A perusal of definitions for Hebrew prophet from various resources revealed a consensus on the foundational elements of prophetic literature. Two examples are used below to summarize those characterizations. James Strong, authors of “A Comprehensive Strong Dictionary of the Bible” gives us these descriptions; “1. in Greek writings, an interpreter of oracles or of other hidden things 2. one who, moved by the Spirit of God and hence his organ or spokesman, solemnly declares to men what he has received by inspiration, especially concerning future events, and in particular such as relate to the cause and kingdom of God and to human salvation”[i]
Another definition found in the Encyclopaedia Judaica describes God’s active involvement in guiding His chosen people. “The institution of prophecy is founded on the basic premise that God does not abandon humans to their own devices, but provides them with divine guidance. A prophet is a charismatic individual endowed with the divine gift of both receiving and imparting divine messages. In biblical theory, the prophet does not choose his profession but is chosen, often against his own will, to convey the work of God to his people regardless of whether or not they wish to hear it.”[ii]
Other definitions stated much the same which leads to the conclusion that a prophet is a prophet is a prophet. It is the times in which they live, the task that lies before them and the gift which God has given them that define their works. Foundational to their role is that they were chosen to be a spokesman and advocate for God to His people and a source of hope against a precarious human race. In the introduction to the book, “You Are My People: An Introduction to Prophetic Literature” the authors explore numerous ideas concerning the significance of prophecy, then state;” Building on these varied understandings of the prophetic persona, we would suggest that by the time the prophets were honored in texts that bear their names they had become harbingers of hope amid worlds ravaged by war and violence.”[iii]
Understanding that God chose and endowed men and women with unique gifts and He did so during periods of turmoil and disbelief, we begin to explore the role that prophets played in keeping the people of the OT connected to God. Through one individual or another Yahweh continued to offer hope and redemption by reaffirming His continual presence in the human world.
It is important to remember that these OT voices spoke in a particular time and place and in response to pertinent issues. God chose them to address the people and rulers of their time yet their prophetic voices carry on throughout the ages with the same authenticity that was relevant in the past. “Though they are anchored to a particular time and place, their visions and messages traverse temporal boundaries—traveling from past to present, from present to future, and from future back to past.”[iv]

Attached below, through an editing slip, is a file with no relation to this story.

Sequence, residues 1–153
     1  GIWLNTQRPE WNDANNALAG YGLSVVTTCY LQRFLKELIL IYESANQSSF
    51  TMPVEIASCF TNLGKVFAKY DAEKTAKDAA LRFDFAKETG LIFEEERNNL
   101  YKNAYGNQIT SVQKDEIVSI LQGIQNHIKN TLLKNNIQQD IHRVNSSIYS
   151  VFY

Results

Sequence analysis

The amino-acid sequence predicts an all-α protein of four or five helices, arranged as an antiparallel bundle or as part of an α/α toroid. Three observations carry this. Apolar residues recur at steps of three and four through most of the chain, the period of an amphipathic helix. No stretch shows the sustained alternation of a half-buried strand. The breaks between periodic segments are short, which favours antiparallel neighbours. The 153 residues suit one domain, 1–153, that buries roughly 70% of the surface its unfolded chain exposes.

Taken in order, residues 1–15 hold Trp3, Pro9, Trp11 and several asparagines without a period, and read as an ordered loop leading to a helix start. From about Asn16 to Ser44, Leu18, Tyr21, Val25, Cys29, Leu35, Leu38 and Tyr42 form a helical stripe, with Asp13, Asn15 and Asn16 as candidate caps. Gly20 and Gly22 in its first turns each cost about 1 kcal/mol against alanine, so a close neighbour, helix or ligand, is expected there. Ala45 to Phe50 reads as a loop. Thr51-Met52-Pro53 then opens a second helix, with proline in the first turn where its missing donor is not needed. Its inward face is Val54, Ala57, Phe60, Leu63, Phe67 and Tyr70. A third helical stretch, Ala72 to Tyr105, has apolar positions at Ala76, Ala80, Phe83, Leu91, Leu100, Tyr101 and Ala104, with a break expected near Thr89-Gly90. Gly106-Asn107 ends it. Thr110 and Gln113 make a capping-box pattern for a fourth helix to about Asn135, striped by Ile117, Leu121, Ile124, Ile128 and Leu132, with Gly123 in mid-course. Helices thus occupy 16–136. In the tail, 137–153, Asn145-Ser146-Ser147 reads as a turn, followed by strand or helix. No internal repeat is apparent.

God would use them in different ways to address the realities and challenges of their times. Prophets were a source of hope, a remembrance of God’s faithfulness, a reaffirmation of God’s sovereignty and an assurance of His future action. ”Similarly, prophetic figures, as portrayed by their interpretive communities, are defined by an overwhelming concern for the survival of the community.”[v]
The function of the prophets in Israel can be divided at distinct periods in the OT; the time from Abram until the end of Solomon’s reign, then the period when Israel became divided between King Rehoboan of Judah and Jeroboam I of Israel. Excepting Elijah and Elisha, the prophets of the divided kingdoms and the Babylonian exile had their own canonical books as did some after the exile. Preceding the divided kingdoms the works of the prophets were contained in the historical canons depicting the early judges and rulers of Israel.
Another dividing point can be placed during the “Deuteronomic reform” initiated by King Josiah in 622BCE. Under Josiah the oral testimony of the latter prophets were preserved in writing. Though many of them lived in the centuries before Josiah, their prophetic missions were defined by the turmoil and upheaval of a divided kingdom which led to the ruins of both nations and exile to Babylon. These are the best known prophets because their works have been canonized under their names.
The prophets before the division served God in a different way, bringing into question if they met the qualifications to be called prophets. So was Abram a prophet or a patriarch? Abraham heard from and spoke with God making him “an interpreter of oracles or of other hidden things”.[vi] Moses also listened and spoke with God yet still required his brother Aaron to speak for him to the people and Pharaoh. Did this make Aaron a prophet as well?
In the Book of Judges, the people repeatedly turned away from God who in anger allowed their enemies to persecute and enslave them “Then the Israelites did what was evil in the sight of the LORD and worshiped the Baals;”[vii] With pity God choose people such as Othniel who “The spirit of the LORD came upon,”[viii] and, Deborah, “a prophetess,”[ix] and Gideon who, through an angel, God said “I hereby commission you.”[x]
Judges 2:18 states “Whenever the LORD raised up judges for them, the LORD was with the judge, and he delivered them from the hand of their enemies all the days of the judge; for the LORD would be moved to pity by their groaning because of those who persecuted and oppressed them.”[xi] Judges were prophets because they were “one who, moved by the Spirit of God and hence his organ or spokesman,”[xii] They received and responded to God’s command which reasserted the relationship between God and the descendants of Abraham.